Charles will give us practical illustrations of the principles of
coloring that he has enumerated to-night. I am determined not to
occupy his attention to the exclusion of Caroline, and my plan is
that when we are in the dense part of the wood I will lag behind, and
slip away, and leave them to return by themselves. I suppose the
reason of his attentiveness to me lies in his simply wishing to win
the good opinion of one who is so closely united to Caroline, and so
likely to influence her good opinion of him.
May 11. Late.--I cannot sleep, and in desperation have lit my candle
and taken up my pen. My restlessness is occasioned by what has
occurred to-day, which at first I did not mean to write down, or
trust to any heart but my own. We went to Wherryborne Wood--
Caroline, Charles and I, as we had intended--and walked all three
along the green track through the midst, Charles in the middle
between Caroline and myself. Presently I found that, as usual, he
and I were the only talkers, Caroline amusing herself by observing
birds and squirrels as she walked docilely alongside her betrothed.
Having noticed this I dropped behind at the first opportunity and
slipped among the trees, in a direction in which I knew I should find
another path that would take me home. Upon this track I by and by
emerged, and walked along it in silent thought till, at a bend, I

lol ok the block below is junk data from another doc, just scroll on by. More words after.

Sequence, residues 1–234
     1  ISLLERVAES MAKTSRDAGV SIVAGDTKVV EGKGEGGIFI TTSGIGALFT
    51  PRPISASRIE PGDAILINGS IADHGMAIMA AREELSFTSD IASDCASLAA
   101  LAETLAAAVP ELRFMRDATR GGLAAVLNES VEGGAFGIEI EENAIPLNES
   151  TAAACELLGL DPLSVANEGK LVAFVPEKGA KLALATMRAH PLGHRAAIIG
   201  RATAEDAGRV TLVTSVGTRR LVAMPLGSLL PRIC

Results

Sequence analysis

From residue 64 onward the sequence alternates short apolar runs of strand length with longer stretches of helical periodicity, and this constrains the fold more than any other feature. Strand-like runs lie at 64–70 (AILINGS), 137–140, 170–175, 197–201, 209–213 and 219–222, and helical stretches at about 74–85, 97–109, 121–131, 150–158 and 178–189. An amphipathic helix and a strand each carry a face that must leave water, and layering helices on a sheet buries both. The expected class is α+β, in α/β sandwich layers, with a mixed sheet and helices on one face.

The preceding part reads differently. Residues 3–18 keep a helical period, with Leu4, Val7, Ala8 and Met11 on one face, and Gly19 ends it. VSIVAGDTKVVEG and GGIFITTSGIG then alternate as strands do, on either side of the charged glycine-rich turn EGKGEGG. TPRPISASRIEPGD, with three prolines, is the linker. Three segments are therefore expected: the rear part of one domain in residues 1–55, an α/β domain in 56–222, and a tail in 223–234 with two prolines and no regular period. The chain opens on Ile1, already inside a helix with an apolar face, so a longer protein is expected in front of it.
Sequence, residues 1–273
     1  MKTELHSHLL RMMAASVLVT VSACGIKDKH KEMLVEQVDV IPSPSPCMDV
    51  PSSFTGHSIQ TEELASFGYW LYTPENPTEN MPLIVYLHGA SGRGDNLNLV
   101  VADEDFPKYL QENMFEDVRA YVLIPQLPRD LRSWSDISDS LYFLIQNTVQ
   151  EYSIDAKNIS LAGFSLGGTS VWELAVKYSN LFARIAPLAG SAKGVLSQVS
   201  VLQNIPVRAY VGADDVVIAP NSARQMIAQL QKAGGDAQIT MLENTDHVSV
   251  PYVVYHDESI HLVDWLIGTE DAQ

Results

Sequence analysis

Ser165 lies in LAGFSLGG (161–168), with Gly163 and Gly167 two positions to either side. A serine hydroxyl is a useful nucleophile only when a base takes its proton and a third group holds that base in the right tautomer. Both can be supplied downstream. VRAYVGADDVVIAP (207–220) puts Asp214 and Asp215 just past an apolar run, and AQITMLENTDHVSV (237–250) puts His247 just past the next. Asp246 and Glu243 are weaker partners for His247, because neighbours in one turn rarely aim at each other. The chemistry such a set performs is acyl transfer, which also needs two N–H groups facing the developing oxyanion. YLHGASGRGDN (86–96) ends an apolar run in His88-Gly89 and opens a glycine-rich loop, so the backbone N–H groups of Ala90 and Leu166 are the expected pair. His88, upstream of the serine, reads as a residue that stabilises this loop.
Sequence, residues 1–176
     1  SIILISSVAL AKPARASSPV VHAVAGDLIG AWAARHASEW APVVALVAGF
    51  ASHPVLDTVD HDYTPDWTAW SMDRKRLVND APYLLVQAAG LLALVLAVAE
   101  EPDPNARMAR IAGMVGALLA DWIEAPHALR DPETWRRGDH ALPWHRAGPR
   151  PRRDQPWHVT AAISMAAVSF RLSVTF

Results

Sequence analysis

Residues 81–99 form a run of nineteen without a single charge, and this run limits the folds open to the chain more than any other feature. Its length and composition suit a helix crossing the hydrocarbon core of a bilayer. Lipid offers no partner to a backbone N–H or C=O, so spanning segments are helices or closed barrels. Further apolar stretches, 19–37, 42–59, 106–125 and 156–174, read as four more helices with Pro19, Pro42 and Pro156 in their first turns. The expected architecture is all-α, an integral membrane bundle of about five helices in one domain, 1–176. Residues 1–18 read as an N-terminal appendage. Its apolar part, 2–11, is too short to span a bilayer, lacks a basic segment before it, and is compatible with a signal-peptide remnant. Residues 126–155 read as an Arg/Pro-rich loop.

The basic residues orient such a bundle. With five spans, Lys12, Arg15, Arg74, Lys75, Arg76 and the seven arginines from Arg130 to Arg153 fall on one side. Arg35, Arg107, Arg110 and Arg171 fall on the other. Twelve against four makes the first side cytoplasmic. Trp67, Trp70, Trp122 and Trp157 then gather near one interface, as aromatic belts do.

suddenly encountered M. de la Feste standing stock still and smiling
thoughtfully at me.
'Where is Caroline?' said I.
'Only a little way off,' says he. 'When we missed you from behind us
we thought you might have mistaken the direction we had followed, so
she has gone one way to find you and I have come this way.'
We then went back to find Caroline, but could not discover her
anywhere, and the upshot was that he and I were wandering about the
woods alone for more than an hour. On reaching home we found she had
given us up after searching a little while, and arrived there some
time before. I should not be so disturbed by the incident if I had
not perceived that, during her absence from us, he did not make any
earnest effort to rediscover her; and in answer to my repeated
expressions of wonder as to whither she could have wandered he only
said, 'Oh, she's quite safe; she told me she knew the way home from
any part of this wood. Let us go on with our talk. I assure you I
value this privilege of being with one I so much admire more than you
imagine;' and other things of that kind. I was so foolish as to show
a little perturbation--I cannot tell why I did not control myself;
and I think he noticed that I was not cool. Caroline has, with her
simple good faith, thought nothing of the occurrence; yet altogether
I am not satisfied.
CHAPTER V.--HER SITUATION IS A TRYING ONE
May 15.--The more I think of it day after day, the more convinced I